“What did Jesus mean in Mark 9:43ff when he said if the hand, foot, or eye causes you to sin to cut the hand or foot off or pluck the eye out? I have heard sermons where it was said that Jesus did not mean that literally. I could accept that if it were not for the fact the he goes on to say that it would be better to enter life with one hand, foot, or eye than to have them both and be cast into hell.”
The language employed by Christ in this context does employ a figure of speech that is common to all languages. It is called hyperbole. The term is derived of two Greek components, hyper (over, above), and bole (from ballein, to throw), hence “to throw above.” It is a specially designed exaggeration for the purpose of emphasis.
My mother, with somewhat of a twinkle in her eye, used to say, “Son, if you do that again, I’m gonna skin you alive.” I knew she was speaking figuratively; nonetheless, I got the point!
In the context of Mark 9:43ff, Christ was emphasizing the supreme value of pursuing the kingdom of God above all else. To illustrate this principle, he chose, for illustration purposes, items that are very precious to us (e.g., eye, hand, or foot).
The obvious meaning is this. Recognize the value of eternal things; don’t be derailed by temporal and physical distractions.
Moreover, the language in the latter portion of the passage in no way negates the symbolism employed in the warning.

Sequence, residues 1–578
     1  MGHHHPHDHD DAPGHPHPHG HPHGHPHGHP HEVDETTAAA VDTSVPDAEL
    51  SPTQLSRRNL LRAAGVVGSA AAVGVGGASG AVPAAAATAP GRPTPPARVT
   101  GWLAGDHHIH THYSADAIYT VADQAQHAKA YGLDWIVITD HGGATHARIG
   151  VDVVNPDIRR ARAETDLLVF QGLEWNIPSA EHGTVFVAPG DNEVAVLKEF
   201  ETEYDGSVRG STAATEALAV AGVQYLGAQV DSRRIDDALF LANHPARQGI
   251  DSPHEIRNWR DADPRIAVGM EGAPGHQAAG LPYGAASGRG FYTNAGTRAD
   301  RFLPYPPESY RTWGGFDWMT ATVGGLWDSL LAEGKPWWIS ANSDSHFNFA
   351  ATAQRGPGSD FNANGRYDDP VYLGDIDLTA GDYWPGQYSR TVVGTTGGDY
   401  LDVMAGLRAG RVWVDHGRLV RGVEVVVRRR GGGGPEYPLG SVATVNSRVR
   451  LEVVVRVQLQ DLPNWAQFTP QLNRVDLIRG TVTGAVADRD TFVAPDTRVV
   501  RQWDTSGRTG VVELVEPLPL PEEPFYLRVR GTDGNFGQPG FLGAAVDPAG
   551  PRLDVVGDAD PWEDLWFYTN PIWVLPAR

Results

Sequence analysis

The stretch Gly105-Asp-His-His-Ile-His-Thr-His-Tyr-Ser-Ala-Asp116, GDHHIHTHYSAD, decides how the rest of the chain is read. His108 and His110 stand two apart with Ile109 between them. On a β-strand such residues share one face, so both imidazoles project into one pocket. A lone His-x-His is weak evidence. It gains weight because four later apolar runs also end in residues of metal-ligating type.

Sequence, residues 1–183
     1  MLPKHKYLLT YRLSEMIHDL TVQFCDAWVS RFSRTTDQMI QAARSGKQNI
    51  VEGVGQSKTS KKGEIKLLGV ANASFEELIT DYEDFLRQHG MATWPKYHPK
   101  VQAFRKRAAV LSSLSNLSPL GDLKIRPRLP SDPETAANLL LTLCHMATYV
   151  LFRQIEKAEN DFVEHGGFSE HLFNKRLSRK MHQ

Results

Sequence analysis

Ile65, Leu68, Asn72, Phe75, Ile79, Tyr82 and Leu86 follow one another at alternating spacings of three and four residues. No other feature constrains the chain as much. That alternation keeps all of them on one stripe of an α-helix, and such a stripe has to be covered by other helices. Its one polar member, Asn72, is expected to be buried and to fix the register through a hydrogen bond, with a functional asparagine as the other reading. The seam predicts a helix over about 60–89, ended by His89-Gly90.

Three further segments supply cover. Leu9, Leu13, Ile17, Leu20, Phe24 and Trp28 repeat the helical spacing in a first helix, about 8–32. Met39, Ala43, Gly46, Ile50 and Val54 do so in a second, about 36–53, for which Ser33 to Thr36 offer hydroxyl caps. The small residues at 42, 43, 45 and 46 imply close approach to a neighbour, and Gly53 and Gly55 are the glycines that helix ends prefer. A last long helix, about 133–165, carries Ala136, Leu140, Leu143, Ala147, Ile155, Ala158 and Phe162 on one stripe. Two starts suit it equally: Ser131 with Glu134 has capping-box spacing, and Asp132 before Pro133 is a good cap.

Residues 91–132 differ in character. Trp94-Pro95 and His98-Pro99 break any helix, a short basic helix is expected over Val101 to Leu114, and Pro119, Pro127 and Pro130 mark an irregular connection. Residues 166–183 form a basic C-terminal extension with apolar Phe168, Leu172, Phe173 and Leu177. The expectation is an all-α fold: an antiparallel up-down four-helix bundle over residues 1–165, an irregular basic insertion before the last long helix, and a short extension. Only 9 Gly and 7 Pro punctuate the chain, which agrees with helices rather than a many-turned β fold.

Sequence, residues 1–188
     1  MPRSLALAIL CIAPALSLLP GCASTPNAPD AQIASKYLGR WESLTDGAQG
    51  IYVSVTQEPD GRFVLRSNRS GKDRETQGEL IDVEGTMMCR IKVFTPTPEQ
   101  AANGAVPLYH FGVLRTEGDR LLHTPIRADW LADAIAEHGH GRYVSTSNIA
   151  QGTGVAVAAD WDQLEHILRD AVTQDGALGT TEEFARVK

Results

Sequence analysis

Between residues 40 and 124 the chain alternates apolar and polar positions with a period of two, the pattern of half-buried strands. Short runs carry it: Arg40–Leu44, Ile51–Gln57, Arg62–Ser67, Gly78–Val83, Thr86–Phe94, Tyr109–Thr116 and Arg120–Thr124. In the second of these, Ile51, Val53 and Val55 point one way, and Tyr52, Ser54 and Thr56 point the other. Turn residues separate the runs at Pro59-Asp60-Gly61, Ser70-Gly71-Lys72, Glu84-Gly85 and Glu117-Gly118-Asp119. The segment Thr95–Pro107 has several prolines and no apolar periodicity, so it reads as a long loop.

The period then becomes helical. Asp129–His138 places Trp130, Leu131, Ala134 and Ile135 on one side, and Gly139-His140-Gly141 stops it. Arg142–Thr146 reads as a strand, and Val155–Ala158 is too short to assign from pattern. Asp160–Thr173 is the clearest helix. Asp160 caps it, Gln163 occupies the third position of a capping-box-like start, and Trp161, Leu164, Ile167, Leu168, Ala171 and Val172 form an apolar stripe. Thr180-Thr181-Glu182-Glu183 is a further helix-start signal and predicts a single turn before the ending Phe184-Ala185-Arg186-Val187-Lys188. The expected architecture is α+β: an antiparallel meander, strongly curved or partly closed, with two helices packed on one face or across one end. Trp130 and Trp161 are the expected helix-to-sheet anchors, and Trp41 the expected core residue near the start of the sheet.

That this is the fair meaning of the passage is obvious from the fact that a mere amputation of hand or foot, or the removal of an eye, does not alter the condition of the heart. Such actions, therefore, drastic though they are, would not provide sufficient motive for a transformed heart (cf. Mk. 7:1ff; especially, vv. 18-23). The surgery is spiritual, not physical.
The point is this. The value of being eternally with the Creator makes all of earth’s circumstances seem trivial.
Those who disdain the Savior’s strong word of caution will spend their eternity in hell (gehenna), where “their worm dies not” (Mk. 9:48). Surely the figurative nature of the language is apparent in the term “worm.” There are no literal worms, gnawing on literal corpses, in the eternal order of things. There will be eternal suffering, however, in a non-material realm.
A comprehension of at least some of the basic figures of speech utilized by the Bible writers is absolutely essential for a correct interpretation of Scripture in many cases. And a lack of such understanding has resulted in a variety of errors—some of which were painfully experienced.
Origen, a theologian of the early third century A.D., misinterpreted Jesus’ admonition about becoming a “eunuch” for the sake of “the kingdom of heaven” (Mt. 19:12). As a consequence of his misguided exegesis, he emasculated himself. Eusebius, the fourth century historian, noted that Origen’s method of interpretation was “too literal and puerile in a sense” (Ecclesiastical History, VI.VIII). The historian paid a rather high price for failing to understand a significant biblical figure of speech.
The Savior’s teaching in the context cited above, therefore, is to be viewed figuratively—not literally. There is virtually no controversy among serious Bible scholars about this matter.